“I just felt it’s important to teach young girls to be strong people, to not think, ‘I can’t do this because I’m worried about what people will say. We can’t have the next generation be so afraid because they have been attacked.” ~ actress Zooey Deschanel for Marie Claire magazine
The September issue, indeed. The more Zooey Deschanel crusades for individuality and personality, the more the media tries to churn her out as another cookie cutter celebrity. According to the NY Daily News, when the actress sat down for an interview with the September edition of Marie Claire magazine, she once again spoke out about her strong feminist leanings, explaining that her femininity and intellect are not in conflict with one another. Tired of being undermined and dismissed for her twee appearance and sweet disposition, she says of her darling girls’ destination HelloGiggles.com, “I just felt it’s important to teach young girls to be strong people, to not think, ‘I can’t do this because I’m worried about what people will say.'” She goes on, “We can’t have the next generation be so afraid because they have been attacked.”
But does Zooey’s important message of empowerment lose steam when her cover appearance looks less like her familiar friendly face [below] and more like a Fembot?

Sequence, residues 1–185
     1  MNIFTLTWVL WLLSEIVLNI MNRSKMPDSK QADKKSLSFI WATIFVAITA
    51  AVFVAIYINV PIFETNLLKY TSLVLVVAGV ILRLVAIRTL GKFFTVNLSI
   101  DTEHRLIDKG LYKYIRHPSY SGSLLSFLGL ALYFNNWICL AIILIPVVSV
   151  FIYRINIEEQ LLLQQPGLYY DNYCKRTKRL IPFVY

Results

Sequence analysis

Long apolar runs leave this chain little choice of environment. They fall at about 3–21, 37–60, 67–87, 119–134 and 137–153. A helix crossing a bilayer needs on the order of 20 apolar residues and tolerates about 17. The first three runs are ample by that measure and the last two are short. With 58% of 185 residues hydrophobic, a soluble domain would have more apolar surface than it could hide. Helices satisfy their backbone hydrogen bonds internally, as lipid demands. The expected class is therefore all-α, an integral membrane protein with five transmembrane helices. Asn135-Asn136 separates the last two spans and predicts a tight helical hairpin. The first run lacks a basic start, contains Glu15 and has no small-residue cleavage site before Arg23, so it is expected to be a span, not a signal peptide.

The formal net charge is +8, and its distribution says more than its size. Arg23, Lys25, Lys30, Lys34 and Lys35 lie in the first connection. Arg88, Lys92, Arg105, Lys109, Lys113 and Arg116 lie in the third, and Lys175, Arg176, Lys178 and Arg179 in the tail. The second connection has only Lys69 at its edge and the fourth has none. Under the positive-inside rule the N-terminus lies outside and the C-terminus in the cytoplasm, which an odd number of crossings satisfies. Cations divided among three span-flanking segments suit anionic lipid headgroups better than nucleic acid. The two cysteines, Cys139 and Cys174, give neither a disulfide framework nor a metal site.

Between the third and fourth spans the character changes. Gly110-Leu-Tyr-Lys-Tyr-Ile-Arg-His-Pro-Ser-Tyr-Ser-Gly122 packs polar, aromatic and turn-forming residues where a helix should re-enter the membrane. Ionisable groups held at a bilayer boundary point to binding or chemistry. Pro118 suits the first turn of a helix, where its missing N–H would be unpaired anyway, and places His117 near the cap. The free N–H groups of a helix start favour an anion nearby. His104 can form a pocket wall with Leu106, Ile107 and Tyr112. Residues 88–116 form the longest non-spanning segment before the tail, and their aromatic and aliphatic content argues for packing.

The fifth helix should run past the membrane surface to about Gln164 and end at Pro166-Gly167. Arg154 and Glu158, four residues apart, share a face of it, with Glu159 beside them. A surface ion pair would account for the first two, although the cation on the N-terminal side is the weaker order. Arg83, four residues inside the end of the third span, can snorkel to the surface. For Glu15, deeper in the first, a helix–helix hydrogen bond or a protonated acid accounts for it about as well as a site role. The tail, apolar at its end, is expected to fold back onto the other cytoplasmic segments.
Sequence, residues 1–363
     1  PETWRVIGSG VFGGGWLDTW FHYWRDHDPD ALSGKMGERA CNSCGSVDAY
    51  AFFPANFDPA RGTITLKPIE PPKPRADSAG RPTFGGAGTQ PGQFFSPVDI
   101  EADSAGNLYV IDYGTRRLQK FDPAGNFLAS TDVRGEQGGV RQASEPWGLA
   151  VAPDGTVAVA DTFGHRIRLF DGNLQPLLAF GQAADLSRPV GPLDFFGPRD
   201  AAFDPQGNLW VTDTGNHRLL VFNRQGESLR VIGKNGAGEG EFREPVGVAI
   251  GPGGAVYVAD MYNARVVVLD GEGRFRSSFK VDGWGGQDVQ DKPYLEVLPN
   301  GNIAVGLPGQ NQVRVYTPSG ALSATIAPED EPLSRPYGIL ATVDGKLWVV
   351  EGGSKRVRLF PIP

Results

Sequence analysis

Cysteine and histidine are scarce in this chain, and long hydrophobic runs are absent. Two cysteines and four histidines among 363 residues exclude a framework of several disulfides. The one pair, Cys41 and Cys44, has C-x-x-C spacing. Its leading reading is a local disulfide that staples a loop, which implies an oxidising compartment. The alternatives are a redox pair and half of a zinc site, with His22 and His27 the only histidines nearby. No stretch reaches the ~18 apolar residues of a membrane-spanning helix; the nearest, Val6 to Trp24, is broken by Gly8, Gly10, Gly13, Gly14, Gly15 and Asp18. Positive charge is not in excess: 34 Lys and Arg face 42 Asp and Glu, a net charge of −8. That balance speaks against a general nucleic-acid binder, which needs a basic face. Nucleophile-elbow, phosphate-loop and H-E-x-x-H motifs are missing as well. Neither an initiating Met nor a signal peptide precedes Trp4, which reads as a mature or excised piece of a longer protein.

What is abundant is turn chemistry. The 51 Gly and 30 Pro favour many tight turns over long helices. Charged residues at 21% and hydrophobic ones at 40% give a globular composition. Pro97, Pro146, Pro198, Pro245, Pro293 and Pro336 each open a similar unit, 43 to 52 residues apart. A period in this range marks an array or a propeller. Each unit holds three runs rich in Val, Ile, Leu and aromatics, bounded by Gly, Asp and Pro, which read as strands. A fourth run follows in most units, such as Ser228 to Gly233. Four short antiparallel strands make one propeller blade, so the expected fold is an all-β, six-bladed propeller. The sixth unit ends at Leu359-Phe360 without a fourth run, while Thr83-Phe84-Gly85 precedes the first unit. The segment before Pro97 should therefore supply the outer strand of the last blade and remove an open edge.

Yes, the Photoshop phantom struck again and in addition to the forced perfectly porcelain facade that we’ve come to expect from our magazine covers, this heavy-handed artist also airbrushed the actress’ features into a flat mask. The result is a pinched, pouty, and hard-looking harpy. All the softness is gone from her cheeks. Her normal-looking nose with a tiny bit of width and a tweakable lil bulb at the end is chiseled down to a statuesque W.A.S.P.-y wisp, as is her chin. And yes, the lines are gone from her face and the “bags” from under her eyes, reshaped smooth as silk to support the slits where her wonderful wide eyes once shone– even those signature beautifully ballooned baby blues of hers weren’t safe from shapeshifting.
Crushable’s blogger Olive Wilson lamented, “I’ll never understand the obsession with altering the images of celebrities to the extent that they look like mounds of clay that were pored over for weeks in order to get them to vaguely resemble humans. Do they not realize that we see normal, un-Photoshopped human people all day, every day? We are aware that some people have freckles or slight wrinkles around their mouths. Most of us have those things.”
Did Marie Claire go to far with their rampant retouching? Shouldn’t a celebrity’s own integrity be considered when a magazine features them on its cover? — Casandra Armour